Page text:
- 3 years ago
This is my first post, but I’ve been reading this site for a long time and finally have something that I would like to share with you all.
I have been dating my boyfriend for seven wonderful years, and we’ve been living together for three. We have a healthy, happy, honest relationship filled with laughter, affection and love. We are a family, and operate as such in all areas of our lives: career planning, finance rangling and major life decisions.
What we are not… is engaged.
Like so many of your, my partner and I are financially independent young adults, paying down education loans and trying to build a life for ourselves. Much as our parents did not help us pay for college, nor are they able or willing to help pay for a wedding. Symbolic jewelry and reception costs must, by necessity, fall below debt repayment and relocation expenses on the list of things for which we must pay. It’s not a romantic way to think about things, but it is the reality we live in. Most importantly, if you share my situation, I want to encourage you not to be ashamed of it. There is no right or wrong way to do this. There is only your way.
That said, as may of us in the pre-engaged stage are all too aware, entering into marriage has the potential to be both excessively complicated and expensive. At the outset, you are met with literally thousands of dollars worth of ritualistic expectations. And even if you don’t desire a party that averages $30,000 (or if you convince yourself you can live without it) and choose to have a low-key affair, you are poised to dissapoint the expectations of others. (What do you mean you’re only invitng 25 people? What about X relative or Y church friend?)
To make things worse, it can feel like wedding planning on a tight budget is a cruel exercise in crossing off pieces of your wedding vision, one at a time, until you reach a handful of details you can actually afford.
But want to offer some support and encouragement to all the Bees out there like me, who exist in that nebulous pre-engagement limbo, waiting for the pieces to fall into place. Here is what I say to myself when I find myself green with envy when friends (often after much shorter relationships, and always more well-off then myself, with parents that pay for things) get engaged months, maybe years, before we can even expect to approach wedding expenses:
If life were a race (which it, most decidedly, is not – though I know too well how little that rationalization erases feelings of being left behind in this relationship context), the engagement and wedding are the starting line of a long and happy life together. There is no need to race to the starting line. Some of us left at 5AM for the starting line, skipped all the traffic, and arrived hours before the race is set to begin. Others only found their running shoes at the last second, or got detoured, or in some other way managed to pull up to the starting line a little later on. But in the end, we’ll all reach the finish line (hopefully) after a long marathon of happy companionship with our chosen other half.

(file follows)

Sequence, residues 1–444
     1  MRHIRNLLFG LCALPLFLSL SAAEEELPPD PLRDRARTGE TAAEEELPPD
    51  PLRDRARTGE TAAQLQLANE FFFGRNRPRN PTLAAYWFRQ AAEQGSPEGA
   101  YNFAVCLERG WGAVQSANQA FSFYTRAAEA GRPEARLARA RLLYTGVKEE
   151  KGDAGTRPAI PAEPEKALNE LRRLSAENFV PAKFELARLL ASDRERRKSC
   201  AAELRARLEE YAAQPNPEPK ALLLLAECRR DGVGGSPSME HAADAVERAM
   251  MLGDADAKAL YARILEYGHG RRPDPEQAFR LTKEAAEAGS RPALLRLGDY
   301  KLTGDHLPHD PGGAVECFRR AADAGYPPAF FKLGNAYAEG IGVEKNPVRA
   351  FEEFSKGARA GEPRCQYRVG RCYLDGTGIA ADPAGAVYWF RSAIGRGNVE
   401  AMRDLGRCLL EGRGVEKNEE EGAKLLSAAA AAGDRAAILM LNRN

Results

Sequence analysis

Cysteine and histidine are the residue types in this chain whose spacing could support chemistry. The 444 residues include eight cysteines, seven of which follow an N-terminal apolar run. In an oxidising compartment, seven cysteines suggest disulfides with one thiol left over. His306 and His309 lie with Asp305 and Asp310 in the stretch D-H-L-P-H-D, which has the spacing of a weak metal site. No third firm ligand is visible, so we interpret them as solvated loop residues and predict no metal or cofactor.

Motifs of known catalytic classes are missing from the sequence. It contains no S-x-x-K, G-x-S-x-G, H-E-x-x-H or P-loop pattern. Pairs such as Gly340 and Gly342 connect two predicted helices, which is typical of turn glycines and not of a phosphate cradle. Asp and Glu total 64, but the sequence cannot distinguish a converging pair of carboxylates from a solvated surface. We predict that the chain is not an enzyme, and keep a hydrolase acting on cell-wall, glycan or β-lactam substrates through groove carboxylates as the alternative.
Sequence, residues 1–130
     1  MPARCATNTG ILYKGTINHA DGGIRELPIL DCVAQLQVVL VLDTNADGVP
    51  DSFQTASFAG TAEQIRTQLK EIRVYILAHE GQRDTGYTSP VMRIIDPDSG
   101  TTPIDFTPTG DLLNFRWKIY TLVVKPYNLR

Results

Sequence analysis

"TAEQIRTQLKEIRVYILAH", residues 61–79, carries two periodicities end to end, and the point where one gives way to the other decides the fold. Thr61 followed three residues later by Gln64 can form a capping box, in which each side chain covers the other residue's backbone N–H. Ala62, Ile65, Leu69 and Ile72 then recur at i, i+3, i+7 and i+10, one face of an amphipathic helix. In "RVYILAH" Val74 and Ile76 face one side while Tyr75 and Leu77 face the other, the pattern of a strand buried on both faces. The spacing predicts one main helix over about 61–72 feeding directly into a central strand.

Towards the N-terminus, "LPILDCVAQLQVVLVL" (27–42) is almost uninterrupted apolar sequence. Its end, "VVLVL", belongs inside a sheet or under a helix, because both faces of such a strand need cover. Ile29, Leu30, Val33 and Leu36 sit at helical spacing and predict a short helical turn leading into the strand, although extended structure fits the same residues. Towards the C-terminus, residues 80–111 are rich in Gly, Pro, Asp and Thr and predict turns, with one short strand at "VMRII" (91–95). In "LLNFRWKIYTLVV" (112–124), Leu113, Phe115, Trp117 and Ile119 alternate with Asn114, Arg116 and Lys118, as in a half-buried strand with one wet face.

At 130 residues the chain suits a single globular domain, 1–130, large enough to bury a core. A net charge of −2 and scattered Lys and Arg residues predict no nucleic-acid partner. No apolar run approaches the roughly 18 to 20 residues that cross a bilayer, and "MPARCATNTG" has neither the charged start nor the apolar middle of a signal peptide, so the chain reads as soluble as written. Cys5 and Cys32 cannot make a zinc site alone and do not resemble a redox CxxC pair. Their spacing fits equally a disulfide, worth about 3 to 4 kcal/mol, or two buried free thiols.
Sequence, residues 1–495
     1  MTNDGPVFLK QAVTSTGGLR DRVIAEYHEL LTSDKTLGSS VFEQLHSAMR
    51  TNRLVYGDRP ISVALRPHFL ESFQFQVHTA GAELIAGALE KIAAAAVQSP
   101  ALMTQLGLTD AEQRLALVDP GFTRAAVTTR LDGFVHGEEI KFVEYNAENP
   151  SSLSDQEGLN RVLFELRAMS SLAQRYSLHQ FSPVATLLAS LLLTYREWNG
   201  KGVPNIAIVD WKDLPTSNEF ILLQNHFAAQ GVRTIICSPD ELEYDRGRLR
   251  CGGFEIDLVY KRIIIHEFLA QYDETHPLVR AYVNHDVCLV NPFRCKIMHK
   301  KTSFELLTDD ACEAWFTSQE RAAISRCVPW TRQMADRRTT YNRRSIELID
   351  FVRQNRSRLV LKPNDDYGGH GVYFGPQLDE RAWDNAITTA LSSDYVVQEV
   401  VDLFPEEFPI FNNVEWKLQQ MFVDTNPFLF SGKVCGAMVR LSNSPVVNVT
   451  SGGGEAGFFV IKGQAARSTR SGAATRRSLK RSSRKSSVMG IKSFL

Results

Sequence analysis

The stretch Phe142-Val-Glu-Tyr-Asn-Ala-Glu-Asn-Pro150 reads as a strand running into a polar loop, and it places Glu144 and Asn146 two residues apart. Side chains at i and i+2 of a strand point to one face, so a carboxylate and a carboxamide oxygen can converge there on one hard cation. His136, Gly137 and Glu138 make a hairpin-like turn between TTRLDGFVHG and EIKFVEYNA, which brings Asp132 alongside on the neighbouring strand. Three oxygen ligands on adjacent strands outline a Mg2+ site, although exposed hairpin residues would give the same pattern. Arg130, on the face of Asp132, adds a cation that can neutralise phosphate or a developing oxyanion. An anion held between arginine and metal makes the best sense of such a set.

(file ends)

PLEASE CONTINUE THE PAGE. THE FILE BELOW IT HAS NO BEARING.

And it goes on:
I like to imagine what it will be like when all my now-engaged and married friends and I are in our seventies. We have all been happily married to our SOs for a long time, and it doesn’t matter one iota how quickly we got to the starting line. We’re all equal in that moment, and the trivial concerns that are making me dely months and years are just grains of sand in the bottom of the hour glass, signifying nothing.
The truth is that we are all in this life together, walking our own seperate paths, and there isn’t a darn thing that can be done about that. You can’t jump off your path onto another path, as much as you might like to do so. There are things we can control, and things we can’t. I know that I can’t be re-born to richer parents. I know that I can’t undo (nor would I ever want to) having to pay for my own education. What I do know is that I love my friends, and it’s not a contest. Being Pre-Engaged is wonderful and being married will be wonderful.
Trust me. I know these “waiting” emotions aren’t easy. There is jealosy, sadness, anger and doubt. But don’t give in. Know who you are and for what you stand. The race is long, and in the end, it is only against yourself.
So to the newlyweds and the engaged, Mazel Tov! And to the pre-engaged, Mazel Tov! There is much good in this life to celebrate. Let’s try and do it together.